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  1. Paul J. M. Jorion (2000). The Elementary Units of Meaning. Behavioral and Brain Sciences 23 (4):483-484.
    Examining the implications of a localist model for linguistic performance, I show the strengths of the P-graph, a network of elementary units of meaning where utterance results from relaxation through the operation of a dynamics of affect values. A unit of meaning is stored in a synaptic connection that brings together two words. Such a model, consistent with the anatomy and physiology of the neural tissue, eschews a number of traditional pitfalls of “semantic networks”: (1) ambiguity ceases to be an (...)
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  2. Paul J. M. Jorion (1999). Syntax, or, the Embryogenesis of Meaning. Behavioral and Brain Sciences 22 (6):1027-1028.
    Syntax is better viewed as the dynamics of a morphogenetic field on a semantic universe of “content” words. This may take widely different forms, making the acquisition of any language by an aspiring speaker an entirely new experience. The existence of an underlying “universal syntax” might be illusory.
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  3. Paul J. M. Jorion (1999). Thought as Word Dynamics. Behavioral and Brain Sciences 22 (2):295-295.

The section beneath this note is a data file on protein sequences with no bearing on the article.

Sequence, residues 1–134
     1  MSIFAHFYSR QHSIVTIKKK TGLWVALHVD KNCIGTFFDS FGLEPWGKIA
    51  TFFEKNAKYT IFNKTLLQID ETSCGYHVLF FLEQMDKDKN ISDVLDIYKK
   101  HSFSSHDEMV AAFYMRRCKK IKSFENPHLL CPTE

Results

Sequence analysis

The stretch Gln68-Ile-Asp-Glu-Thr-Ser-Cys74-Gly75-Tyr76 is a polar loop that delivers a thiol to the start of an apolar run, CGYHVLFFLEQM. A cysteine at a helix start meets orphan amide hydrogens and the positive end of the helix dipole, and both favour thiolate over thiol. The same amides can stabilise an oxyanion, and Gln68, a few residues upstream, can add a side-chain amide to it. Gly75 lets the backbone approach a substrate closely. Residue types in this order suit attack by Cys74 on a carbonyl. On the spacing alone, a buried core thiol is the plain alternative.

A Hebbian model for speech generation opens a number of paths. A cross-linguistic scheme of functional relationships (inspired by Aristotle) dispenses with distraction by the “parts of speech” distinctions, while bridging the gap between “content” and “structure” words. A gradient model identifies emotional and rational dynamics and shows speech generation as a process where a speaker's dissatisfaction gets minimized.
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  4. Paul J. M. Jorion (1999). The Uncanny Power of Words. Behavioral and Brain Sciences 22 (4):622-623.
    In their quality as acoustic or visual percepts, words are linked to the emotional values of the state-of-affairs they evoke. This allows them to engender meanings capable of operating nearly entirely detached from percepts. Such a laying flat of meanings permits deliberation to take place within the window of consciousness. In such a theatre of the imagination, linguistically triggered, resides the originality of the human psyche.
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  5. Paul J. M. Jorion (1998). A Methodological Behaviourist Model for Imitation. Behavioral and Brain Sciences 21 (5):695-695.
    Byrne & Russon's target article displays all the difficulties encountered when one fails to take a methodological behaviourist approach to imitation. Their conceptual apparatus is grounded in a mixture of introspection and folk psychology. Their distinction between action-level and program-level imitation falters on goal imputation for sequential acts. In an alternative gradient descent model, behaviour can be simulated as a frustration/satisfaction gradient descent in the animal's “potentiality space,” as defined by knowledge, inventiveness, and the surrounding environment.
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